107 terms

AP Language Rhetorical Terms

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alliteration
The repetition of the same sound or letter at the beginning of consecutive words or syllables
allusion
an indirect reference, often to another text or an historic event
analogy
an extended comparison between two seemingly dissimilar things
anaphora
the repetition of words at the beginning of successive clauses
anecdote
a short account of an interesting event
annotation
explanatory or critical notes added to a text
antimetabole
the repetition of words in an inverted order to sharpen a contrast
antithesis
parallel structure that juxtaposes contrasting ideas
aphorism
a short, astute statement of a general truth
appositive
a word or phrase that renames a nearby noun or pronoun
archaic diction
the use of words common to an earlier time period; antiquated language
argument
a statement put forth and supported by evidence
Aristotelian triangle
a diagram that represents a rhetorical situation as the realtionship among the speaker, the subject, and the audience
assertion
an emphatic statement; declaration.
assumption
a belief or statement taken for granted without proof
asyndeton
leaving out conjunctions between words, phrases, clauses.
attitude
the speaker's position on a subject as revealed through their tone
audience
One's listener or readership; those to whom a speech or piece of writing
is addressed.
authority
A reliable, respected source—someone with knowledge.
bias
Prejudice or predisposition toward one side of a subject or issue.
cite
Identifying a part of a piece of writing as being derived from a source.
claim
An assertion, usually supported by evidence.
close reading
A careful reading that is attentive to organization, figurative language,
sentence structure, vocabulary, and other literary and structural elements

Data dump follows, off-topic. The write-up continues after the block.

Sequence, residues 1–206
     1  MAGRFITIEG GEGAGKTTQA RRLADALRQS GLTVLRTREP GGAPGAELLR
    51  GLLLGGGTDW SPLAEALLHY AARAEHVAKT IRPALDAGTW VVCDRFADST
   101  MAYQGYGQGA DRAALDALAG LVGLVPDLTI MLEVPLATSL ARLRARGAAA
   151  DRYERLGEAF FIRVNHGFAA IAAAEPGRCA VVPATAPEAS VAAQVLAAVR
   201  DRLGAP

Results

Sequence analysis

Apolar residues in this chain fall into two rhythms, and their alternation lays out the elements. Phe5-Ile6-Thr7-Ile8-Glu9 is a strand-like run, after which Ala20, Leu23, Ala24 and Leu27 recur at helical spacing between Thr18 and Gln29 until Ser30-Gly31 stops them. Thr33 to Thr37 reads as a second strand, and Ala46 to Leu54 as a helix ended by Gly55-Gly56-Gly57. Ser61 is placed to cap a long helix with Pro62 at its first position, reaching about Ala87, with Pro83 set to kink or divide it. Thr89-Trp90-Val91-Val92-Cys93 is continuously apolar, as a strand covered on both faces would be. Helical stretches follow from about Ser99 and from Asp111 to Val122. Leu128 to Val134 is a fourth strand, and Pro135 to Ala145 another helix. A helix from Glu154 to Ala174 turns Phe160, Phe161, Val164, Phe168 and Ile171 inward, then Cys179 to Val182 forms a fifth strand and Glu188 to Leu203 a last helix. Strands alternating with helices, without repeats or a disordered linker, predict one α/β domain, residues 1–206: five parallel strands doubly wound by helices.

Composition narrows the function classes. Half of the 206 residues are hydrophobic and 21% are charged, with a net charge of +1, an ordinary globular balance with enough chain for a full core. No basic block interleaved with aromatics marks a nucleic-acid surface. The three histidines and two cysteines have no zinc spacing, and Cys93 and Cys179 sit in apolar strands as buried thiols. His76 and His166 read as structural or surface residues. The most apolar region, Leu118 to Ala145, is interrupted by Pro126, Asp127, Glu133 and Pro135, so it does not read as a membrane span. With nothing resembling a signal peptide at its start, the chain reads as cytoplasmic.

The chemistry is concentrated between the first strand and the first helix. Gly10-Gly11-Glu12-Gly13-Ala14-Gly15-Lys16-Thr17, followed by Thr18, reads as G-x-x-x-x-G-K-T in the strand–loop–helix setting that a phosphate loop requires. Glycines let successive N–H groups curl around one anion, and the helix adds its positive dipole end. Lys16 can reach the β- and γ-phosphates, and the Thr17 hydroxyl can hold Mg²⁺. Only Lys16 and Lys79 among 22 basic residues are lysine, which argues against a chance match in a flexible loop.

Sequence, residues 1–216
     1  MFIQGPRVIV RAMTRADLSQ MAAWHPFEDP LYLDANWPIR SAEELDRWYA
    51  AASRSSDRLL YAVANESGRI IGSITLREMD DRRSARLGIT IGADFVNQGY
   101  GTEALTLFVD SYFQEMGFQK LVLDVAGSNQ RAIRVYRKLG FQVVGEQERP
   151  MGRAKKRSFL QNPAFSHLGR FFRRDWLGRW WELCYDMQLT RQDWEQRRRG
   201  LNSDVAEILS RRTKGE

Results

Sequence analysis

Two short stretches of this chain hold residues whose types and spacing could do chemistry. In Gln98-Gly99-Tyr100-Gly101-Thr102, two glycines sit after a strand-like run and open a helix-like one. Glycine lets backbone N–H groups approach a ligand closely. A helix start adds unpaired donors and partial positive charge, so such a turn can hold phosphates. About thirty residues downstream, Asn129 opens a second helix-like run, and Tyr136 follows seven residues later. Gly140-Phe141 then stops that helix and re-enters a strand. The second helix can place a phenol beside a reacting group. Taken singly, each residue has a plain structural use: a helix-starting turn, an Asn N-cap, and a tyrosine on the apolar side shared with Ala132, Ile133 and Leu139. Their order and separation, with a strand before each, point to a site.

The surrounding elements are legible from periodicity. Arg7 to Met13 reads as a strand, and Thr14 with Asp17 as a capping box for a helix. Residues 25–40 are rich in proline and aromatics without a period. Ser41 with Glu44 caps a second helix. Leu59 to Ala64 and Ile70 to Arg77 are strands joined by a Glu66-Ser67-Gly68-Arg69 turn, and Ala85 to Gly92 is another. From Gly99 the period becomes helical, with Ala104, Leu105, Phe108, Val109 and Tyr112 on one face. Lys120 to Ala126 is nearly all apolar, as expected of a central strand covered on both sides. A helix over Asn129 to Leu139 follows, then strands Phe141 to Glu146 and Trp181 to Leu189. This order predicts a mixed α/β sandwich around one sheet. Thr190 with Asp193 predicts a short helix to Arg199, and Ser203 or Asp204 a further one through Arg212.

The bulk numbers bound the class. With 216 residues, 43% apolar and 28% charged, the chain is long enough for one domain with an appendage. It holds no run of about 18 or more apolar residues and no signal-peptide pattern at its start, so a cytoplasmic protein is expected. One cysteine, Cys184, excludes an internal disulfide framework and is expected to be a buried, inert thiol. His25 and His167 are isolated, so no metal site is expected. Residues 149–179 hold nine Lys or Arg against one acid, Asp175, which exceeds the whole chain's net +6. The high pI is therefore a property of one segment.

of a text
colloquial/ism
An informal or conversational use of language.
common ground
Shared beliefs, values, or positions.
complex sentence
A sentence that includes one independent clause and at least
one dependent clause
concession
A reluctant acknowledgment or yielding
connotation
That which is implied by a word, as opposed to the word's literal
meaning
context
Words, events, or circumstances that help determine meaning.
coordination
Grammatical equivalence between parts of a sentence, often
through a coordinating conjunction such as and, or but.
counterargument
A challenge to a position; an opposing argument
credible
worth of belief, trustworthy
cumulative sentence
An independent clause followed by subordinate clauses or
phrases that supply additional detail
declarative sentence
a sentence that makes a sentence
deduction
reasoning from general to specific
denotation
The literal meaning of a word; its dictionary definition.
dialectal journal
A double-column journal in which one writes a quotation in
one column and reflections on that quotation in the other column.
diction
word choice
documentation
Bibliographic information about the sources used in a piece of
writing
elegiac
Mournful over what has passed or been lost; often used to describe tone
epigram
a brief witty statement
ethos
A Greek term referring to the character of a person; one of Aristotle's
three rhetorical appeals
explication of text
Explanation of a text's meaning through an analysis of all
of its constituent parts, including the literary devices used; also called close
reading
facts
information that is true or demonstrable
figurative language
The use of tropes or figures of speech; going beyond literal
meaning to achieve literary effect
figure of speech
An expression that strives for literary effect rather than conveying
a literal meaning
fragment
A word, phrase, or clause that does not form a full sentence
hortatory
urging, or strongly encouraging
hyperbole
exaggeration for the purpose of emphasis
imagery
Vivid use of language that evokes a reader's senses (sight, smell, taste,
touch, hearing).
imperative sentence
a sentence that requests or commands
induction
reasoning from specific to general
inversion
A sentence in which the verb precedes the subject.
irony
A contradiction between what is said and what is meant; incongruity between
action and result
juxtaposition
Placement of two things side by side for emphasis
logos
A Greek term that means "word"; an appeal to logic; one of Aristotle's
three rhetorical appeals
metaphor
A figure of speech or trope through which one thing is spoken of as
though it were something else, thus making an implicit comparison.
metonymy
Use of an aspect of something to represent the whole
modifier
A word, phrase, or clause that qualifies or describes another word,
phrase, or clause
narration
Retelling an event or series of events